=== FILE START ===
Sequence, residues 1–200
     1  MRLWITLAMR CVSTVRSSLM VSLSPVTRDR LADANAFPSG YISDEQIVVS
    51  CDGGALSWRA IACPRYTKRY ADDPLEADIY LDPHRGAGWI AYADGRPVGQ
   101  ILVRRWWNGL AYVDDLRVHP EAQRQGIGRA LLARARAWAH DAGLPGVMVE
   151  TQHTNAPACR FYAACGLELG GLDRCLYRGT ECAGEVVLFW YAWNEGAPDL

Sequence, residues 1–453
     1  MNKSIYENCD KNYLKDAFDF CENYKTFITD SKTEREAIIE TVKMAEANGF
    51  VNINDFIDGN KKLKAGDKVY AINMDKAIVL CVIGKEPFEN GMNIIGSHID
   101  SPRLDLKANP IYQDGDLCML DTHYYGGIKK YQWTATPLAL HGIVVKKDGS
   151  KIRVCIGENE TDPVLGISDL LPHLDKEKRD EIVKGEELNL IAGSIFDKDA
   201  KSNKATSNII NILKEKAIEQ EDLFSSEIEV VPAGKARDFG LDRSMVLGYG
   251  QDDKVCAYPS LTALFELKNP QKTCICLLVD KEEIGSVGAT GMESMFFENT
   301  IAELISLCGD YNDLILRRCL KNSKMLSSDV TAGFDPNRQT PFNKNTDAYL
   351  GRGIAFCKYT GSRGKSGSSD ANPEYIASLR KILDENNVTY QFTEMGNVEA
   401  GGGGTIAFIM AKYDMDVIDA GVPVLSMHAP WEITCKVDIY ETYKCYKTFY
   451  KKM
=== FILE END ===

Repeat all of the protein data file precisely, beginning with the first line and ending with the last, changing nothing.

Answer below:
Sequence, residues 1–200
     1  MRLWITLAMR CVSTVRSSLM VSLSPVTRDR LADANAFPSG YISDEQIVVS
    51  CDGGALSWRA IACPRYTKRY ADDPLEADIY LDPHRGAGWI AYADGRPVGQ
   101  ILVRRWWNGL AYVDDLRVHP EAQRQGIGRA LLARARAWAH DAGLPGVMVE
   151  TQHTNAPACR FYAACGLELG GLDRCLYRGT ECAGEVVLFW YAWNEGAPDL

Sequence, residues 1–453
     1  MNKSIYENCD KNYLKDAFDF CENYKTFITD SKTEREAIIE TVKMAEANGF
    51  VNINDFIDGN KKLKAGDKVY AINMDKAIVL CVIGKEPFEN GMNIIGSHID
   101  SPRLDLKANP IYQDGDLCML DTHYYGGIKK YQWTATPLAL HGIVVKKDGS
   151  KIRVCIGENE TDPVLGISDL LPHLDKEKRD EIVKGEELNL IAGSIFDKDA
   201  KSNKATSNII NILKEKAIEQ EDLFSSEIEV VPAGKARDFG LDRSMVLGYG
   251  QDDKVCAYPS LTALFELKNP QKTCICLLVD KEEIGSVGAT GMESMFFENT
   301  IAELISLCGD YNDLILRRCL KNSKMLSSDV TAGFDPNRQT PFNKNTDAYL
   351  GRGIAFCKYT GSRGKSGSSD ANPEYIASLR KILDENNVTY QFTEMGNVEA
   401  GGGGTIAFIM AKYDMDVIDA GVPVLSMHAP WEITCKVDIY ETYKCYKTFY
   451  KKM